Fewer students than ever before are reporting above-average emotional health as college freshman, according to a survey by the Higher Education Research Institute. For parents who are decades removed from their own college experiences – or never experienced college altogether – this news can be alarming.
In order to understand the sources of stress and anxiety that weigh on students’ emotional health, it’s important for parents to consider the big picture – the current economic landscape – and the little picture – your student’s personal needs and struggles.
Unemployment affects nearly 5 percent of the fathers of college students who were surveyed and nearly 9 percent of their mothers. This contributes to the need for more students to take out loans and stress out about financial aid or burdening their parents with college costs. Even for students whose families are unaffected by unemployment, the pressure of finding a good job after college is a source of stress as early as freshman year.
However, the stress many college freshmen reported started before even enrolling in college. Twenty-nine percent of students surveyed said stress began in high school. When demanding schedules, high academic achievement, family and social life problems and securing college admission and scholarships affect your student’s senior year of high school, it can take more than a summer to fully recuperate from the stress.
If your student had high expectations for himself in high school, it’s likely that he still holds those – and they contribute negatively to his emotional health. Seventy-five percent of students surveyed said their drive to achieve and perceived academic ability was above average.
Parents understand better than almost anyone what makes your student tick. Our fears and motivations as children often transfer to what stresses us out and drives us as adults. Knowing the struggles your student has had in the past will likely shed light on what adds stress to his life today – i.e. lack of self esteem, fear of rejection, people-pleasing tendencies, rebellion against authority, etc.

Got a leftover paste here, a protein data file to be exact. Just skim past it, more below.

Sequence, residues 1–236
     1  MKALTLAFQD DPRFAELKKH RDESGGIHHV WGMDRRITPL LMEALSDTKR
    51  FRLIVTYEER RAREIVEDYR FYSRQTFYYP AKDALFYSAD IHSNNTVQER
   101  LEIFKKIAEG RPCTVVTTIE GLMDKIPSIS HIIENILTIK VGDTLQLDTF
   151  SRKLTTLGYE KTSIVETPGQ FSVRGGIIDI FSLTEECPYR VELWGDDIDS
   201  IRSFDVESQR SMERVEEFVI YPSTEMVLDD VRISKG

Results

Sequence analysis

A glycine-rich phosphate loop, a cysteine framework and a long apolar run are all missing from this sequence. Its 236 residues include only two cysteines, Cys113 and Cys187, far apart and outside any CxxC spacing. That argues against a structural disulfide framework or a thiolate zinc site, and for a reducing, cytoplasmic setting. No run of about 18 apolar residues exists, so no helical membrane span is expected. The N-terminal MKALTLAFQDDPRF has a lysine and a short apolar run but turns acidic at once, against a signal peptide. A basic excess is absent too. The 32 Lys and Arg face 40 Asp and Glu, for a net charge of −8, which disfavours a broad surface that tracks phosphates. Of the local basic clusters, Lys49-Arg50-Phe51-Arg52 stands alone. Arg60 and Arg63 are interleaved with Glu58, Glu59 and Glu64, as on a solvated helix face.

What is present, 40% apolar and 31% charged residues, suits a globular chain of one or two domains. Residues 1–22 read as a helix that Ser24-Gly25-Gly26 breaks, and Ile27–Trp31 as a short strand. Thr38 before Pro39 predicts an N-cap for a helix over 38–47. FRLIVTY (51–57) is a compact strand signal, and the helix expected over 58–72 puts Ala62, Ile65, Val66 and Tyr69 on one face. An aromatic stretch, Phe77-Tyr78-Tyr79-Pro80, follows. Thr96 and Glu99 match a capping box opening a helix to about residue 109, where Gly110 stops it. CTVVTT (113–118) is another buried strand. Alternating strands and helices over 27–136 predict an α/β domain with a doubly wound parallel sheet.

College can magnify students’ challenges and struggles, because while they’re surrounded by other students and new people, it can also be isolating. Forming close bonds takes time, and most college freshman haven’t formed new, close relationships yet. This makes their relationship with parents and family even more important as they need a support system to cope with stress.
The first step in helping your student improve emotional well-being is to understand the sources of stress. Once parents understand that, you can help your students create a personalized health plan to include some of the following tips:
Many students experiencing depression and anxiety need more than a parent’s listening ear. Universities have mental health services that offer counseling and group sessions, as well as other forms of support. While 60 percent of the clients of mental health services at universities are female, males also need these services and should be encouraged to seek help as well.
Remind your student that down-time and resting is a necessary part of life that he should make a priority, along with his studies and other commitments. Also, encourage him not to fill up free time with volunteering, tutoring, or helping others. While altruism can help boost emotions and a sense of self-worth, it also adds to your student’s work level and expectations. He should have activities that he enjoys doing and aren’t a burden.
Looking around campus, your student might think he’s the only one struggling with depression or stress. People in general – but especially in college – put on a “happy face” to look like they have it all together and have life figured out. Remind your student that everyone has difficult days, feels down, worries about the future and experiences varying levels of stress. When these feelings become overbearing, it’s OK to seek help and know that he’s not alone.
If your student worries about finding a job after graduation, the state of the economy or the financial stability of you or your spouse as you help him pay for college, remind him that he can’t control those things. Stressing about that which is out of his control is futile, but taking action in the areas that he can control will help put his mind at ease. Remind your student that the national landscape will look different in three or four years, when he graduates. And while the national deficit is out of his hands, his own wallet is in them. Help him budget, plan wisely and get a handle on his finances. Mapping out an academic plan will make the next several years of school less overwhelming.